"Stop us before we spend again!"
Baseball owners, in effect, took this position in the recent game of chicken between baseball players and owners, a showdown that resulted in a settlement on the eve of the strike deadline. Texas Ranger owner Tom Hicks, who paid Alex Rodriguez $252 million over 10 years, now urges cost containment. "I think a majority of owners, including me," said Hicks, "would probably like to have even stronger cost containment than we're talking about right now. I think a lot of owners would have a preference for a hard salary cap like football has."
The born-again Texas-Ranger-cost-cutter even managed to make Rodriguez feel guilty. "I would take a cut in pay – 30 to 40 percent," said Rodriguez, "if it would make the game better. My main concern is baseball. When I have kids, I want them to enjoy the best game in the world. If I'm doing something financially to make the game better, I would do it." But, the next day, Rodriguez recovered, "What I meant to say was that I love the game of baseball and I would do anything to help it. It was a dramatic thing to say. It wasn't literal. I'm not ready to write a check."
Unlike with most other strikes, the baseball public does possess a stake – and not just as fans and spectators. Taxpayers usually pony up the money to build baseball stadiums, induced in part by politicians' phony claims of future economic benefit. But political scientist Charles C. Euchner says, "Local economies are very leaky. Money that you spend on a ticket or on a concession or something like that doesn't just circulate throughout the city. Often it gets out of the city almost instantly."
In addition to taxpayer benefits, baseball owners also enjoy a congressionally provided anti-trust exemption. In the NFL or NBA, for example, an owner may, with relative ease, move his team from City A to City B. Not so in baseball where, say, the owner of the Baltimore Orioles could block an owner who seeks to move his team to fairly nearby Washington, D.C.
The owners cry "poor mouth." Yet the Boston Red Sox recently sold for a record $660 million. When an owner hangs a for-sale sign on a franchise, somebody, somewhere buys it. And since conglomerates became major owners, teams generate value in ways difficult to measure using traditional methods.
USA Today's Walter Shapiro called a possible strike unpatriotic. He wrote that in 1942, baseball sought FDR's advice on whether the game should continue during World War II. FDR urged baseball to stay in business because it boosts morale and provides diversion during wartime. "Nothing would be more cynical," said Shapiro, "than if the ballparks were locked and empty on the anniversary of Sept. 11.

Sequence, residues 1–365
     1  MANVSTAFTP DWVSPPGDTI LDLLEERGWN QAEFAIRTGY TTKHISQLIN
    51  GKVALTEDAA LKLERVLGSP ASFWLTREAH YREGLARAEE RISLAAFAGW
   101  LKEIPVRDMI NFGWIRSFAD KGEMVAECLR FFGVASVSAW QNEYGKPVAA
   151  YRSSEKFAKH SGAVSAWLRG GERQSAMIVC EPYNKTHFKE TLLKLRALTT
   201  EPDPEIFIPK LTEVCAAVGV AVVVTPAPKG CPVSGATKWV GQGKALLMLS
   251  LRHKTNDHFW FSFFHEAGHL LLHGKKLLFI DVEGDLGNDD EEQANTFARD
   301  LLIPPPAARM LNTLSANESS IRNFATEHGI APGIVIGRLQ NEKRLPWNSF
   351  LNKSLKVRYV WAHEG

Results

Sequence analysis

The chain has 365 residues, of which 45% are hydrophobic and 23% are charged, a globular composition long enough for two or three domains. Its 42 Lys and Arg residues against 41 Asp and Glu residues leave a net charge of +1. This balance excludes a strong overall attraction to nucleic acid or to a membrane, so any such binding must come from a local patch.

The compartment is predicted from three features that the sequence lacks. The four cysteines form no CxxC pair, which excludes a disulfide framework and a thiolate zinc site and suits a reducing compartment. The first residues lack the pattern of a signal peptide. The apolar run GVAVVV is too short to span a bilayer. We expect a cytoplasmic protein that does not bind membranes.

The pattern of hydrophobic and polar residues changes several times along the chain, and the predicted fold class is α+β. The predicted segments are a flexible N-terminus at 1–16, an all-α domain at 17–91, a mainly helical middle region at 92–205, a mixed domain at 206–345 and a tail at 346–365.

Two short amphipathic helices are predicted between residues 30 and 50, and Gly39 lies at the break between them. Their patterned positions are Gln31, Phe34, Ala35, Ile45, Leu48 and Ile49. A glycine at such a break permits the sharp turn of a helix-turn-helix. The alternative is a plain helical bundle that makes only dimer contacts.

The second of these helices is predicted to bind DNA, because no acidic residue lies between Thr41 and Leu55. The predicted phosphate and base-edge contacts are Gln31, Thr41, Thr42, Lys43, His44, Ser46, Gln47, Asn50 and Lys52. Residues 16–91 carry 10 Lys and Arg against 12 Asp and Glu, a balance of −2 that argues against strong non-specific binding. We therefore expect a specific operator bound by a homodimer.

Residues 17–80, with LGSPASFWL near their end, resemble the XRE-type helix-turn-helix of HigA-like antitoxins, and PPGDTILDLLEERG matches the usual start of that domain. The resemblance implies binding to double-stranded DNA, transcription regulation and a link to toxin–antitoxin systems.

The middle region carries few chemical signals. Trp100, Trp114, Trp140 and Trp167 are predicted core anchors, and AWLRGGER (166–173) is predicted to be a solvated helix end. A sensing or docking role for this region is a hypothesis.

"Does anyone at the bargaining table care that soldiers on patrol in Afghanistan or poised for a new mission in the Persian Gulf region will be deprived of their baseball fix? Do the negotiators for the owners and players ever recall those tearful days last September when America took comfort in the resumption of baseball and ordinary life? And, most of all, if there is a strike, no one should ever fail to condemn the owners and players for their selfish red-light tactics in the midst of another war."
Well, yes, and no. First off, President Bush told us to go about our daily lives, presumably strikes being a part of that. And 2002 isn't 1942. Now Americans face a blizzard of leisure-time choices, including 500 television channels, DVD, Sony PlayStations, and various other sports including auto racing, professional wrestling, professional and collegiate men's and women's basketball, football and soccer. Football long ago knocked baseball off its perch as the national pastime. Now more of us watch the NFL than watch baseball. NASCAR ratings frequently surpass those of the baseball game of the week.
For all these reasons, the public threw up its hands. Down the road, maybe these saps – aka taxpayers – may balk at paying for stadiums, luxury skyboxes, parking concessions, tax abatements, and various other schemes that funnel taxpayer money to billionaire owners.
An ABC poll showed that only 28 percent of Americans called themselves baseball fans, the lowest level since the last strike ended in April 1995. It found that 75 percent of Americans couldn't care less about the possible baseball strike, and that only 10 percent expect to miss baseball "a lot" if there is a strike. Americans sided with the owners, showing little sympathy for the average baseball player who now earns over $2 million a year.
So baseball settled. Yes, it feared the charge of lack of patriotism as we approach the anniversary of Sept. 11, but mostly, they feared losing money. Now, that would have been un-American.